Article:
When Servius, aroused by the alarming announcement, came in during this harangue, immediately from the porch of the senate-house, he says with a loud voice, “What means this, Tarquin? by what audacity hast thou dared to summon the fathers, while I am still alive?
or to sit on my throne?” To this, when he fiercely replied “that he, the [p. 64]
son of a king, occupied the throne of his father, a much fitter successor to the throne than a slave; that he (Servius) had insulted his masters full long enough by his arbitrary shuffling,” a shout arises from the partisans of both, and a rush of the people into the senate-house took place, and it became evident that whoever came off victor would have the throne.
Then Tarquin, necessity itself now obliging him to have recourse to the last extremity, having much the advantage both in years and strength, seizes Servius by the middle, and having taken him out of the senate-house, throws him down the steps to the bottom. He then returns to the senate-house to assemble the senate.
The king's officers and attendants fly. He himself, almost lifeless, when he was returning home with his royal retinue frightened to death, and had arrived at the top of the Cyprian street, is slain by those who had been sent by Tarquin, and had overtaken him in his flight.
As the act is not inconsistent with her other marked conduct, it is believed to have been done by Tullia's advice. Certain it is, (for it is readily admitted,) that driving into the forum in her chariot, and not abashed by the crowd of persons there, she called her husband out of the senate-house, and was the first to style him king;
and when, on being commanded by him to withdraw from such a tumult, she was returning home, and had arrived at the top of the Cyprian street, where Diana's temple lately was, as she was turning to the right to the Orbian hill, in order to arrive at the Esquiline, the person who was driving, being terrified, stopped and drew in the reins, and pointed out to his mistress the murdered Servius as he lay.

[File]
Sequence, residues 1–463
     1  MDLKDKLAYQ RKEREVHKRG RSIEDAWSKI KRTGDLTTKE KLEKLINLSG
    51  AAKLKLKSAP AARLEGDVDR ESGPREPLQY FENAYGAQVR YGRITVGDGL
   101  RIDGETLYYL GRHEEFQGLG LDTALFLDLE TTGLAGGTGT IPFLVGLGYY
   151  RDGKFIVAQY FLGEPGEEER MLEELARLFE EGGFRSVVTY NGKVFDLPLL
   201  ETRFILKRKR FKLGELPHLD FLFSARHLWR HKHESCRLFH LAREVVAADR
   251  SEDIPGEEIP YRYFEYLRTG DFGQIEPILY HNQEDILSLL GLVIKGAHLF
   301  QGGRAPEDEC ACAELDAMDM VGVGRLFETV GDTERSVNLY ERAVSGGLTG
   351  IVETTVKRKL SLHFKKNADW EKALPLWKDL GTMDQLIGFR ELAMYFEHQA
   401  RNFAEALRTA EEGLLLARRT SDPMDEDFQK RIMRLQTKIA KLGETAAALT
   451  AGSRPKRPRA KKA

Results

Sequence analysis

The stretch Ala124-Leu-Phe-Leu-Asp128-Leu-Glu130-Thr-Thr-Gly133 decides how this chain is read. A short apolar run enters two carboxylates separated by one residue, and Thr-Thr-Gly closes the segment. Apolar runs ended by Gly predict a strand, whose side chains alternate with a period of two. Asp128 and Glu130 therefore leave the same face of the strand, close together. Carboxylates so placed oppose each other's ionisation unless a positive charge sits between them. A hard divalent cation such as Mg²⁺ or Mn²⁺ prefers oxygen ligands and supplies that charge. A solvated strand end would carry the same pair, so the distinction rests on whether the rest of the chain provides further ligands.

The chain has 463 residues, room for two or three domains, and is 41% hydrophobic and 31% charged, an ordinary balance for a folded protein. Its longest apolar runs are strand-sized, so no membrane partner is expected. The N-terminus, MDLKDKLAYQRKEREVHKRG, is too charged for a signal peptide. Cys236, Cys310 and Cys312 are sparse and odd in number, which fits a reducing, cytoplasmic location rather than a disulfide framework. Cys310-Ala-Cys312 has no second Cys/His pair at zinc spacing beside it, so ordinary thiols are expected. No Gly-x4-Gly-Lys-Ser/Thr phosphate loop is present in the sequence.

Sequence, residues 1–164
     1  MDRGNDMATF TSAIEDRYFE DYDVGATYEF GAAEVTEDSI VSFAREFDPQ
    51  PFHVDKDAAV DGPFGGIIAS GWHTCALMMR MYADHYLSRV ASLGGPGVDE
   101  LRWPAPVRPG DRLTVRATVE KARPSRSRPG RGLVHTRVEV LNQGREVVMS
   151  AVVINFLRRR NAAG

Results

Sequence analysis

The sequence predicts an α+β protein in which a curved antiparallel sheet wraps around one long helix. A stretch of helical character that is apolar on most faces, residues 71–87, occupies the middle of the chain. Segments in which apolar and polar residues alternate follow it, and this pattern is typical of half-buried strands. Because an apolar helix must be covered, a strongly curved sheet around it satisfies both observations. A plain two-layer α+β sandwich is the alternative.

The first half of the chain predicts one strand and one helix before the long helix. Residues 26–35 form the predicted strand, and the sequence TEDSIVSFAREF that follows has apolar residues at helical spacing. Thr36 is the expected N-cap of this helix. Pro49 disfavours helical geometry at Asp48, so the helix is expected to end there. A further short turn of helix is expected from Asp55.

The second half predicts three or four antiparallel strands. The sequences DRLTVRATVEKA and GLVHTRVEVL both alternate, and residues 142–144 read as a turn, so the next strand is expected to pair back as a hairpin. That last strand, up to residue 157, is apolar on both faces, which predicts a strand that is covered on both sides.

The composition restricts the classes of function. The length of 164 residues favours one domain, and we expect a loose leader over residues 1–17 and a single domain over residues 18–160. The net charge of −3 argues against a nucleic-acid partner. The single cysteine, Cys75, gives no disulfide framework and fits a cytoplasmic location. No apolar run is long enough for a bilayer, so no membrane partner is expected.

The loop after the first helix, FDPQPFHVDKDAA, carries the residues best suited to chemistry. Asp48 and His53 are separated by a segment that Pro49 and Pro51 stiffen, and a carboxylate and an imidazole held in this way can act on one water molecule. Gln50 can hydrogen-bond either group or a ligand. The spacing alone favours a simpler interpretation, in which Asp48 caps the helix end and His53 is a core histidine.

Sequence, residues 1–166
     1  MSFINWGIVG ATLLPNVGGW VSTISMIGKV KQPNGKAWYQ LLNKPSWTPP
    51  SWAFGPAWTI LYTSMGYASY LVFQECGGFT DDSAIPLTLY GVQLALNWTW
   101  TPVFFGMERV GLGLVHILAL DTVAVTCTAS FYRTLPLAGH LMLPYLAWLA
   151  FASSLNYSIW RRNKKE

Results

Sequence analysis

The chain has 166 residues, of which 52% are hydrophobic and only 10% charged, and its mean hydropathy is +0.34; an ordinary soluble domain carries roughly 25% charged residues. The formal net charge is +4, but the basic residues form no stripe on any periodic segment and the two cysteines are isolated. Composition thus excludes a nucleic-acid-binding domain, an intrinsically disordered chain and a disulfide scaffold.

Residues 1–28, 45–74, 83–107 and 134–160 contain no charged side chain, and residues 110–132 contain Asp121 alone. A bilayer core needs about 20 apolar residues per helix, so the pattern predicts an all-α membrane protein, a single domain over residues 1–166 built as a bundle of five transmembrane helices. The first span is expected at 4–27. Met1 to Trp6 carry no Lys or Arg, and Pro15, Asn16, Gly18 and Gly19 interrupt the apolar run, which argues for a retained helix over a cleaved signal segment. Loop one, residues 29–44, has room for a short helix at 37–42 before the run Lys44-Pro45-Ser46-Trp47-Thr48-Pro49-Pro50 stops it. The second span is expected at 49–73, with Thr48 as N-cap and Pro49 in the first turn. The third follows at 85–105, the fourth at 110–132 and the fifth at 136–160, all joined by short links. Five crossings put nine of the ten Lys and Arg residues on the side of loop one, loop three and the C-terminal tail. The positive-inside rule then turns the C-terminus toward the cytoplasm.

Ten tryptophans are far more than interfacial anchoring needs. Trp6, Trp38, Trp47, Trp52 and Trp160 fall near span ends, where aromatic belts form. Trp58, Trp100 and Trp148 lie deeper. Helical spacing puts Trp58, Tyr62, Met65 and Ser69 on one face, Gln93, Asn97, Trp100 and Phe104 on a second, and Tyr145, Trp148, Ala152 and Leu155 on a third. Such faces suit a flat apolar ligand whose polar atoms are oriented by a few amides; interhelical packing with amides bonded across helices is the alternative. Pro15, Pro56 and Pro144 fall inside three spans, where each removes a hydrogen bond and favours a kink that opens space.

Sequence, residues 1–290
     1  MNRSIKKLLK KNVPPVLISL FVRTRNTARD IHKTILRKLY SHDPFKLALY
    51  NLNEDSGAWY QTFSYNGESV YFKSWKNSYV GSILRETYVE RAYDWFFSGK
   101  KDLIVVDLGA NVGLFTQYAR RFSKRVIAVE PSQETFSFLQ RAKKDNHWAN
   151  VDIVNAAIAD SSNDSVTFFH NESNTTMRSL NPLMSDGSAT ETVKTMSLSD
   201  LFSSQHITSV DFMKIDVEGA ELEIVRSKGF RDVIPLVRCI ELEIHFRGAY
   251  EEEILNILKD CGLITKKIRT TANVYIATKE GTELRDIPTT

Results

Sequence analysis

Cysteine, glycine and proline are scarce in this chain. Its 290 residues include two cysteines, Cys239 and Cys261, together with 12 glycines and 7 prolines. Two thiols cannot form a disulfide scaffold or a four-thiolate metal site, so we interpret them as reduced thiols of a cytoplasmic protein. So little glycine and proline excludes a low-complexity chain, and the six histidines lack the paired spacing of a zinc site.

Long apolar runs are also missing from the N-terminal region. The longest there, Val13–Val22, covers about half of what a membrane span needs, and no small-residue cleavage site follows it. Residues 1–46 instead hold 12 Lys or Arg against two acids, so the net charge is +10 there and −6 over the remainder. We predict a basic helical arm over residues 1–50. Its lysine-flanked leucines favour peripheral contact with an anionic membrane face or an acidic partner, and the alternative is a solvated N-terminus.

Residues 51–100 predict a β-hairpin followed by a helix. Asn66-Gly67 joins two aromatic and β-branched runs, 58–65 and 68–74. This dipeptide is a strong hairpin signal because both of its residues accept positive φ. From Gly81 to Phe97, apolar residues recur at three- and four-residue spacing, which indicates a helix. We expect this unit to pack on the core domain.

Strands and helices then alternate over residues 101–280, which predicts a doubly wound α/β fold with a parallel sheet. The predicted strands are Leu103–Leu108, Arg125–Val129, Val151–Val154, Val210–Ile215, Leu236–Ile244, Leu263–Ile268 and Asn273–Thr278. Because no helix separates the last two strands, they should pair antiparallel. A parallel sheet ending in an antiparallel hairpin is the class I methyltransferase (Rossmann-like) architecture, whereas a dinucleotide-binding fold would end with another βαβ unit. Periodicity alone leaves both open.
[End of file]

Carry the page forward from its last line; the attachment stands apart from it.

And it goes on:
On this occasion a revolting and inhuman crime is stated to have been committed, and the place is a monument of it. They call it the Wicked Street, where Tullia, frantic and urged on by the furies of her sister and husband, is reported to have driven her chariot over her father's body, and to have carried a portion of her father's body and blood to her own and her husband's household gods, herself also being stained and sprinkled with it; through whose vengeance results corresponding to the wicked commencement of the reign were soon to follow.
Tullius reigned forty-four years in such a manner that a competition with him would prove difficult even for a good and moderate successor.
But this also has been an accession to his glory, that with him [p. 65]
perished all just and legitimate reigns. This authority, so mild and so moderate, yet, because it was vested in one, some say that he had it in contemplation to resign,1
had not the wickedness of his family interfered with him whilst meditating the liberation of his country.